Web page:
7). Long Wordy Slides? No Way Jose! – Long slides with lots of boring text won’t be remembered. If you’ve prepared well, as I mentioned earlier, then you should be able to talk around the content of a slide. Less, in my opinion, is better. In fact, this last year I’ve watched many more presenters using single slides with just one graphic (we all know that visuals work well – picture/thousand words blah blah blah) and a one or two liner to bring home their points. These are fantastic and certainly a route that I intend to adopt on my quest for better presentation skills in the future.

8). Humour – Try, where possible, to inject humour into your presentation. This will break down the barriers with your audience and engage them more. Once your audience is laughing it will help no end with those nerves I mentioned earlier. People connect with humour, if you’re struggling, then why not get others to look over your work and see if they can see opportunities for the occasional jokey image or funny reference. A caveat here though – be careful with humour and public speaking – the last thing you want to do is offend your audience. Steer clear of taboo subjects for jokes.

9). Connect with your audience – No-one wants to listen to a boring, stiff, monotone presenter. The best speakers I’ve seen work the room – it’s an art I tell you. At the most simple level make sure you connect (eye line) with as many people as possible. Focusing on one individual will alienate the rest of the room. If you want to take that a step further and feel comfortable doing so, then engage with a few people one on one (and by name if poss). If you aim a question at one or two people you’d be amazed what that does to the rest of the audience – they soon start listening, thinking it could be them next! I always try and move about a little in order to inject a bit of life into my talks (I have a habit of pacing) – I also use hand gestures as much as possible to control the room (one very effective one is to put your own hand up when you want others to respond in the same way). If you are going to pace about, then it’s good that you got there early so you can test if your shoes will make a distracting noise on the floor – I kid you not, it’s one of the first things I look for. :)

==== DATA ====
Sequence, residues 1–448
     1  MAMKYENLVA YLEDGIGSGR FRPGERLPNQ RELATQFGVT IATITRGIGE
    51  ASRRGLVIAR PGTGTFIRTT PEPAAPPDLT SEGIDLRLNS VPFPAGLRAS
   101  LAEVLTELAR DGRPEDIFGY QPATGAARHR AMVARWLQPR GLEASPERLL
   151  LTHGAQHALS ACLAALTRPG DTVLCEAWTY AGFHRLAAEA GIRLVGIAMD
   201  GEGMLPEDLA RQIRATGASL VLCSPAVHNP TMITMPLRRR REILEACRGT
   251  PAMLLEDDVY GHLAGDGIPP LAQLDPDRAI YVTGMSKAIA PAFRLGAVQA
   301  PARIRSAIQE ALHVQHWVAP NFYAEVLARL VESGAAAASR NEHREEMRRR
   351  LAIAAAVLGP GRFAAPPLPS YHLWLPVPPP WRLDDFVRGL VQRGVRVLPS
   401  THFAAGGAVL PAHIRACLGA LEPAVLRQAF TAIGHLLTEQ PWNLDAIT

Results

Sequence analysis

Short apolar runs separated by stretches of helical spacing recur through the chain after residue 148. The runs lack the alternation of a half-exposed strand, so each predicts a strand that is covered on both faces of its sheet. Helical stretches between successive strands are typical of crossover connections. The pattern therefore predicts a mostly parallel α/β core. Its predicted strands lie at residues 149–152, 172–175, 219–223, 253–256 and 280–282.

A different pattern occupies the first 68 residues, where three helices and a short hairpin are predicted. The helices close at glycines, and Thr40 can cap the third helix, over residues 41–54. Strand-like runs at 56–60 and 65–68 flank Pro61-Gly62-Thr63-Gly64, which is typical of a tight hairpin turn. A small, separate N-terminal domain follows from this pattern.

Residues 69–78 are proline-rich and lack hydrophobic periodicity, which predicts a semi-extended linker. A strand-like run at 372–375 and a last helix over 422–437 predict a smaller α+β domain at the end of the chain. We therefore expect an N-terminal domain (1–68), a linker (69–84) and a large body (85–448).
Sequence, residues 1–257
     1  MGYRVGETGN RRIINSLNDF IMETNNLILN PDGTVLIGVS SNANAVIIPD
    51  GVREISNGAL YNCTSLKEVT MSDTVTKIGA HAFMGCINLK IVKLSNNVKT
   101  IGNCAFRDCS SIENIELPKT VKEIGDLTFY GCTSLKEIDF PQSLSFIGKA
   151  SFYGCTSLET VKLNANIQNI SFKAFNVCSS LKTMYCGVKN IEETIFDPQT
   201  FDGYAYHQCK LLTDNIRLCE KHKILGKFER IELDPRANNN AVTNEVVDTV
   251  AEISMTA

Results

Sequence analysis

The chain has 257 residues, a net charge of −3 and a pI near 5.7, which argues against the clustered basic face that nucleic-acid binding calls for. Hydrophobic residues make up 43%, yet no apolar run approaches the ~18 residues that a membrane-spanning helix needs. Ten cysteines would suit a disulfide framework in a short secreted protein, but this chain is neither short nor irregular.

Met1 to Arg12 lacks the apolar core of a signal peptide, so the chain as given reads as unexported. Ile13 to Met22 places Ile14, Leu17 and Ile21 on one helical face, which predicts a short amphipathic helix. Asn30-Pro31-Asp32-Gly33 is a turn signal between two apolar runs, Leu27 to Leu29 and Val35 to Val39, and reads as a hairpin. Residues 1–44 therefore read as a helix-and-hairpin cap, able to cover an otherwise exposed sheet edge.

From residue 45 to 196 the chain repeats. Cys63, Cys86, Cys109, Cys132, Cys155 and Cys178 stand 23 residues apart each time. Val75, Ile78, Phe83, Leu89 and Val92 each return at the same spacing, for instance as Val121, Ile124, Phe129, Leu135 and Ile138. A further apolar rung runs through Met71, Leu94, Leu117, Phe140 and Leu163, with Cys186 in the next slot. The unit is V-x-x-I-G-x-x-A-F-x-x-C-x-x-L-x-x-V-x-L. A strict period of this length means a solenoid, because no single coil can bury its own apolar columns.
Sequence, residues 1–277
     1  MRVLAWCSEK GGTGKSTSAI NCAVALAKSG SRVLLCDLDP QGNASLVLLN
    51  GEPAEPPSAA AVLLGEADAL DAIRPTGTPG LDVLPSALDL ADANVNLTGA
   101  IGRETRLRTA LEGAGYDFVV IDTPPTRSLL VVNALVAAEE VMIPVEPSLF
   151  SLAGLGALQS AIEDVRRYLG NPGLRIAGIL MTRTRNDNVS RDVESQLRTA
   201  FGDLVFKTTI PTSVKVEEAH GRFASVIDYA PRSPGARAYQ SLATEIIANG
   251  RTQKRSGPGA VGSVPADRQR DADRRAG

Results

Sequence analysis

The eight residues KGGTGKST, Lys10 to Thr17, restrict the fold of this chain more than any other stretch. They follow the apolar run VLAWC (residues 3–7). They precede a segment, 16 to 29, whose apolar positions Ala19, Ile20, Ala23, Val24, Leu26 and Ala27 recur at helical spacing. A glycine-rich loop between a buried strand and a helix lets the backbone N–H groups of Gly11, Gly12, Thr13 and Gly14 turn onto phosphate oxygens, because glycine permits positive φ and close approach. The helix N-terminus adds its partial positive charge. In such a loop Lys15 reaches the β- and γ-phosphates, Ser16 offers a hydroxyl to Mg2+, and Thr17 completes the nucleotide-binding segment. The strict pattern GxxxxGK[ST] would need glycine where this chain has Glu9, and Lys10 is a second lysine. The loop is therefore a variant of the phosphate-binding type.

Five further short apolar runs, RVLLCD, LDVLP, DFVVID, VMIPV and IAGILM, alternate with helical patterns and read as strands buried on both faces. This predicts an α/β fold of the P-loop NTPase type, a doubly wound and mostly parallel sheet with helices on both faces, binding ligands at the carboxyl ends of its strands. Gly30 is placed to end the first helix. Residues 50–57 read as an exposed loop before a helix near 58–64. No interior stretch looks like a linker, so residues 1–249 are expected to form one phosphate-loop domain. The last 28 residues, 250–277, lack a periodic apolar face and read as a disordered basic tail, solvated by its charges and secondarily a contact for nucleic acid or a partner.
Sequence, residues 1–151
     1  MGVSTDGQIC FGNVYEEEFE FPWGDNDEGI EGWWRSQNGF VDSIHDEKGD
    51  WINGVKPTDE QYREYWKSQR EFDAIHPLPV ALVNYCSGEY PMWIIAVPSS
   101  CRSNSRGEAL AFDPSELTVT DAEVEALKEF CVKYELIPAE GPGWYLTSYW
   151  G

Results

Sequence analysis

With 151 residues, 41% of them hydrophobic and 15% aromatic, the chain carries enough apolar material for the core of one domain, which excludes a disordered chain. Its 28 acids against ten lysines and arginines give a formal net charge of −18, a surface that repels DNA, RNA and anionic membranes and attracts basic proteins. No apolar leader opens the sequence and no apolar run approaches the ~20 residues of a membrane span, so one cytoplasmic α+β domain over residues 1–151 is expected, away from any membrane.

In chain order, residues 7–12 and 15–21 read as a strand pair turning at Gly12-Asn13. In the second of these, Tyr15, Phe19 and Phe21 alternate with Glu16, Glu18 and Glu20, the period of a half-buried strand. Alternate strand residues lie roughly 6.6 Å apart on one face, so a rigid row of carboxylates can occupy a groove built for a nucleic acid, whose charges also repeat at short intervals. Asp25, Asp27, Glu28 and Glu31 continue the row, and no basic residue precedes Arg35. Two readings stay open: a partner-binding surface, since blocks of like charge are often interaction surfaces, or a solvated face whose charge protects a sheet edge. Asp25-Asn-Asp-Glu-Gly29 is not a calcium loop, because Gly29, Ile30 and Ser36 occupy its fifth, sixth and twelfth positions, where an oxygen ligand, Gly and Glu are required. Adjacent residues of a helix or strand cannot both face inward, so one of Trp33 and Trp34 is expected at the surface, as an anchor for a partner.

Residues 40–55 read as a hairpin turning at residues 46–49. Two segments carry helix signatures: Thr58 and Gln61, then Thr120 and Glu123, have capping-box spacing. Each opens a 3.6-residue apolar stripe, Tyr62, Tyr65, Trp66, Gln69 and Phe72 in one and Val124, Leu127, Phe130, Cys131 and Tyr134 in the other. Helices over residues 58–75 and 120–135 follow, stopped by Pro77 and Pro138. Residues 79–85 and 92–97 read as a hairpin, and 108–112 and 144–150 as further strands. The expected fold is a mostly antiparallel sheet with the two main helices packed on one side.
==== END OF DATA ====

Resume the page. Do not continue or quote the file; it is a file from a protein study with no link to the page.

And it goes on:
10). Be unique – You want to be remembered don’t you? You didn’t just get up and spend all that time in front of that frightening audience for nothing did you? Do something unique if possible – give value away where you can (especially if it allows you to follow up after the event). If there’s a call to action for your audience, make sure they know what it is. Thank them for listening.

Although I wouldn’t say that I’m an expert, I’ve learnt a lot about presenting and public speaking in the last 10 years – I’m fascinated by the art of it and intend to continue honing my skills over the rest of my business life. I hope this article will help a few people with their own fears or questions about the subject. Good luck…

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Comments

  1. Excellent advice Al. The only thing I would add, also from experience, is make sure that you really believe in what you are saying and say it in your own words. Evident enthusiasm can help you carry it off, even if you do fluff up somewhere along the line! 99% of people want you to succeed and the 1% who don’t or don’t care don’t matter.

    • Thanks Helena – very true indeed. An audience can tell whether you’re passionate a mile off so it really helps if you believe what you’re saying and feel strongly about it :) Thanks for reading my blog :)

  2. Hi Alastair,

    Great post. Your voice of experience shows through in a very human way. I have linked back from my article on Public Speaking at http://www.superliving.co.uk/p/public-speaking.html

    Colin